The high cost of housing in California isn’t just hurting the state’s economy, fueling homelessness, and exacerbating economic inequality. It’s imperiling its reputation as a global leader in emissions reductions, too.
Lila Cabrera’s move last year to Palmdale, a city of 160,000 in the high-desert region of Antelope Valley north of Los Angeles, illustrates the connection. As a renter in Sylmar, Calif., “I was overdrawn every month,” says the single mom of three. “I just couldn’t see it turning around.” Now, a $1,370 mortgage payment gets her family more space for less money. It also gets her a 51-mile commute, which, in typical bumper-to-bumper traffic, takes an average of two hours each way.
As residents like Cabrera move farther from their employment in search of affordable homes, the state’s progress toward its climate goals is slowing. In 2015, the most recent year for which data are available, the state’s greenhouse gas emissions dropped at less than half the rate of the previous year, according to an August report from the San Francisco-based nonprofit Next 10. Low gas prices and a lack of affordable housing prompted more driving and contributed to a 3.1 percent increase in exhaust from cars, buses, and trucks, the report says. Census data show that more than 635,000 California workers had commutes of 90 minutes or more in 2015, a 40 percent jump from 2010.
“California has failed to build [housing] in the communities where we’re seeing the largest job growth,” says Patrick Kallerman, research director at the Bay Area Council Economic Institute, a nonpartisan think tank based in San Francisco. “The highest-income folks can afford to live wherever they want,” he says. “It’s the middle- or lower-income folks who can’t.”
The state needs 180,000 new housing units each year, but fewer than 100,000 are built, according to Governor Jerry Brown’s office. “Each year that it goes on, things get worse,” Kallerman says. Lack of accountability is one reason. California tasks regional agencies with developing sustainable community planning strategies, which include reducing sprawl. But when communities fail to meet their own goals, there are no mechanisms to penalize them, he says.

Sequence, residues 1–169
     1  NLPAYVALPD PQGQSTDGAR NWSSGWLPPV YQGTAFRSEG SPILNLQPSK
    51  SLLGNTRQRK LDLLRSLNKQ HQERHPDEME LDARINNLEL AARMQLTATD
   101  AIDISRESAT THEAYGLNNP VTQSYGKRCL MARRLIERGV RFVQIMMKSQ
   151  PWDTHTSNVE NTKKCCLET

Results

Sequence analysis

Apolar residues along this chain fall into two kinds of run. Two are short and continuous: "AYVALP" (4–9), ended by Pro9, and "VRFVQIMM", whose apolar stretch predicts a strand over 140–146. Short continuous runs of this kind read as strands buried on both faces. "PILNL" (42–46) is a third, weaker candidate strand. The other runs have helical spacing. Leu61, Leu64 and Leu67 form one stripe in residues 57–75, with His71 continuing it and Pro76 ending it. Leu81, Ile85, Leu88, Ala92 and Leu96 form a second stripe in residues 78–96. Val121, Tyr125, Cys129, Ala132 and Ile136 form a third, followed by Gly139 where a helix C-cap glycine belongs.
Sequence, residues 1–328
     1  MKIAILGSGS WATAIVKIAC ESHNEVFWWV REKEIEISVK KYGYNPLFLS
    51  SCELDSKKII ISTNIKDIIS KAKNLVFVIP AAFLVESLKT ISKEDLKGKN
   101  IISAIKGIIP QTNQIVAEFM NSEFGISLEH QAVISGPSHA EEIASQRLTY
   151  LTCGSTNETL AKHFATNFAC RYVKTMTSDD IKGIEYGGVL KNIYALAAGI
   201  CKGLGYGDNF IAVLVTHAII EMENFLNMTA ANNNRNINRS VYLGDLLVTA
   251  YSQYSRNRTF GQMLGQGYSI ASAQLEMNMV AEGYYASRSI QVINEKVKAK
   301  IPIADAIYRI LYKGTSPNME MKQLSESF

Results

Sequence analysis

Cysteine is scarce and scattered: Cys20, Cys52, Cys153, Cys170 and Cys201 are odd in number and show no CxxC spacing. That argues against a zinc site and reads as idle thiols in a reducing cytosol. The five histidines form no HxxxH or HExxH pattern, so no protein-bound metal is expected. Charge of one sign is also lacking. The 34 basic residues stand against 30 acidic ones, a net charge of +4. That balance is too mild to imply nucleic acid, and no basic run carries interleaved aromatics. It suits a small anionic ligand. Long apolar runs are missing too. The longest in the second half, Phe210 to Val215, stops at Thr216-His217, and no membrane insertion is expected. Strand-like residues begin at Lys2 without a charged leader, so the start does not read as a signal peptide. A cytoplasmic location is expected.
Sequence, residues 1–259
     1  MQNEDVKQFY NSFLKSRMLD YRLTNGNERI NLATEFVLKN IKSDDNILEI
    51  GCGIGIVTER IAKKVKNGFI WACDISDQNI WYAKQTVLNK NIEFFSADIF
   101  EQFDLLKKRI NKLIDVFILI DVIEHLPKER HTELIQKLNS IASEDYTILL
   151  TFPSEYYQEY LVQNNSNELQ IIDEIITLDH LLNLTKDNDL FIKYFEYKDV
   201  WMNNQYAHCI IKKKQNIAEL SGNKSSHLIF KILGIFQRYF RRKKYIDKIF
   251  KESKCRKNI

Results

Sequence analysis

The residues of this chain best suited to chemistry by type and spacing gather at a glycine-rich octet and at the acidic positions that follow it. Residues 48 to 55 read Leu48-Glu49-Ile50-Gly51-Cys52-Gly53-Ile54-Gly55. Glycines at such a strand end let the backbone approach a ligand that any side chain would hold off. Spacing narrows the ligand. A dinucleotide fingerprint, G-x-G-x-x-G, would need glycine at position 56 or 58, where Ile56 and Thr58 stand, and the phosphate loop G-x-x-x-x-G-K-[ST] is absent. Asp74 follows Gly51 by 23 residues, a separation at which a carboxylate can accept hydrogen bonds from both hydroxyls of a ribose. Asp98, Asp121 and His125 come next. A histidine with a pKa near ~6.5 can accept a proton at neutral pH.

One disincentive for builders is the fiscalization of land use: Housing raises less tax revenue for local governments than retail. For Cabrera, the incentives are even more twisted. She works as a mortgage loan processor for a bank near Hollywood. Her $72,000 yearly salary is heavily dependent on commissions, which are determined by real estate prices. Were she to swap her job for one in Palmdale, she’d earn less money and revert to living paycheck to paycheck. So it goes for many Californians: When cost of living is accounted for, census data show that the state has the nation’s highest poverty rate, at 20.6 percent.
Brown has embraced the role of counterweight to the do-nothing climate deniers in Washington, most recently at the United Nations Climate Change Conference in Bonn, Germany. A Democrat in his fourth and final term in office, he’s championed the passage of the strictest emissions laws of any state. But residents’ continued reliance on cars is getting in the way. Transportation accounts for almost 40 percent of greenhouse gas emissions in California, more than any other sector, compared with 27 percent nationwide.
The state legislature made the housing crisis a focus of this year’s session, passing 15 related bills. One seeks to expedite construction by accelerating the approval process for affordable housing. Another could raise as much as $250 million annually for subsidized housing—enough to build just 750 homes, given the $332,000 per unit estimate from Brown’s office. Another places a referendum on next year’s ballot asking voters to approve $4 billion for low-income housing and home loans for veterans. “They’re good, they move the ball forward,” Brown said before signing the measures into law in October. “Have they ended the need for further legislation? Unfortunately not.”